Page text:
While I've spent my entire life being short, I've also learned that it does have some advantages. I never have to duck to avoid smacking my head into anything. I can rest my cheek against my guy's heart without crouching or standing on tiptoe (I also fit perfectly against his side.) And like most short gals who sew, I can flawlessly alter the hem on any garment in under five minutes.
Jealousy over the dazzling good fortunes of others has a lot to do with our own insecurities and self-esteem issues. If you're unhappy with yourself or your situation in life you're likely prone to regular and serious episodes of envy. So instead of stomping around muttering Must be nice under your breath every time someone else wins big at the Wheel of Fortune, you might turn your back on them and focus on yourself.
You can start by making some lists. Of what you do have, what makes you happy? Of what you can do, how can you improve? I know you have dreams, what are you doing about them? Once you've worked it all out, choose to do something about one item on your list every week. In fact, if you channel all that negative energy from envy into making things better for you and your loved ones, you'll be too busy to worry about what you haven't got.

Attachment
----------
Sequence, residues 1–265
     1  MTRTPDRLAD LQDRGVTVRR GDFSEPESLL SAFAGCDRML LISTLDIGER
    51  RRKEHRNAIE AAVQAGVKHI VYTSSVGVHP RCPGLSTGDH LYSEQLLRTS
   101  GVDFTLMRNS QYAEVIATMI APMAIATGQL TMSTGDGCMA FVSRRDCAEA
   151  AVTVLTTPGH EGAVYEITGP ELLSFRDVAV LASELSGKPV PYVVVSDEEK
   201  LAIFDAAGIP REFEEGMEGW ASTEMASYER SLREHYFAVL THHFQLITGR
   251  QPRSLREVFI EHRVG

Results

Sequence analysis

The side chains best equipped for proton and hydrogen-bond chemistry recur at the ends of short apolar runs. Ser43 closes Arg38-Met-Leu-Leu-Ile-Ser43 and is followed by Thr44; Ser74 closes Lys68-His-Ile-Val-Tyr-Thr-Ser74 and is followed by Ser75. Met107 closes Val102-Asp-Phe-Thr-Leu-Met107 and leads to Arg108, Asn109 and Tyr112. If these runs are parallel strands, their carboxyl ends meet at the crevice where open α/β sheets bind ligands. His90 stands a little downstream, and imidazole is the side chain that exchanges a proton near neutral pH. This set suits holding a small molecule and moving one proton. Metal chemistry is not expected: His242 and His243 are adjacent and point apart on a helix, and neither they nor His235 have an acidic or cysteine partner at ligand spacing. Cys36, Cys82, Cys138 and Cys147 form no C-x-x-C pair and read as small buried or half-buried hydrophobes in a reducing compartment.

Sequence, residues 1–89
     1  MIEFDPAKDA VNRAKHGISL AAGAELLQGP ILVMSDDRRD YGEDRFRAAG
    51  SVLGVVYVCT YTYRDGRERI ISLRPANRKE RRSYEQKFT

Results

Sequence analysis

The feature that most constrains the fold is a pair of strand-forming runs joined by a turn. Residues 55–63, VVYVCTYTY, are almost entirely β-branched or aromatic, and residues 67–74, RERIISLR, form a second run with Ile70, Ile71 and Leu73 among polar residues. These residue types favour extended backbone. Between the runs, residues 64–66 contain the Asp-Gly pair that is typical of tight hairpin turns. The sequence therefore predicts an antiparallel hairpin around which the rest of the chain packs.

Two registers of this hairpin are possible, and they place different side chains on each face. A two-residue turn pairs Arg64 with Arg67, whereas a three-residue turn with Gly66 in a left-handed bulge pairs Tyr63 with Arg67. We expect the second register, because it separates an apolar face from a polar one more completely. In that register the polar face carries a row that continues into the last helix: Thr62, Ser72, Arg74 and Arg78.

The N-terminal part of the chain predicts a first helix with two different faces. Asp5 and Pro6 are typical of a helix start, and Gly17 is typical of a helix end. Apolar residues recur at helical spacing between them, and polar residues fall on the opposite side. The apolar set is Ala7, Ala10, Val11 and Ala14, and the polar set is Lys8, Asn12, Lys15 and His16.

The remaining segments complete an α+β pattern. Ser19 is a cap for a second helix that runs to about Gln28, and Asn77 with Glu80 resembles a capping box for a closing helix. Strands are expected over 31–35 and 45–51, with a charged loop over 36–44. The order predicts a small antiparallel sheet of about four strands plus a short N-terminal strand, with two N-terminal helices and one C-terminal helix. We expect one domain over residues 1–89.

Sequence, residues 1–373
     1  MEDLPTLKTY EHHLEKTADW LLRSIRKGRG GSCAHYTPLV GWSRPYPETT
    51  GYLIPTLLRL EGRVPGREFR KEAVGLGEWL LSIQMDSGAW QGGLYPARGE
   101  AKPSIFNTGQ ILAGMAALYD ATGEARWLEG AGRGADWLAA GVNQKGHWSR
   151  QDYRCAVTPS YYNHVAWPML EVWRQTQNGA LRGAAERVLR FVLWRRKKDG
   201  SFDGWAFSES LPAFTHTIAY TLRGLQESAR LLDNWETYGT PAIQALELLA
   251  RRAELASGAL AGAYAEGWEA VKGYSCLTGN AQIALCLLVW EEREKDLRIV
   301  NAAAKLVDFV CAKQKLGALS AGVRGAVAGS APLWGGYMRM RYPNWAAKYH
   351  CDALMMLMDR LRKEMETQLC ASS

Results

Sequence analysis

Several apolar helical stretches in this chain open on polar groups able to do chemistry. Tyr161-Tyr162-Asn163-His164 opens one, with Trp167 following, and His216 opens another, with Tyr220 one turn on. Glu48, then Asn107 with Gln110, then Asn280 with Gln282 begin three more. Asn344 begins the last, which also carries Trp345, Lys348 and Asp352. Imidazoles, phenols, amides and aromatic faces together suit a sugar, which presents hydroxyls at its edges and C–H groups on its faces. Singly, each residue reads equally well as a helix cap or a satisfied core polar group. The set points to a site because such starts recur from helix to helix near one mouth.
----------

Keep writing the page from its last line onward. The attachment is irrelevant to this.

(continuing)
This isn't a fixer method. Your fortune probably won't change, and you will likely never make millions or become the next Madam Bookdump. What you'll be doing is inviting into your life that elusive thing that no amount of money, fame or success can give anyone: happiness.
Fortune dotes on very few souls, and believe or not that's a good thing. The outrageous variety of success does not build character as often as it destroys it. It also paints an enormous bullseye on the recipient; one that anyone having a bad day, month, year or life is going to aim for with all their ire. I don't envy that in the slightest, and neither should you.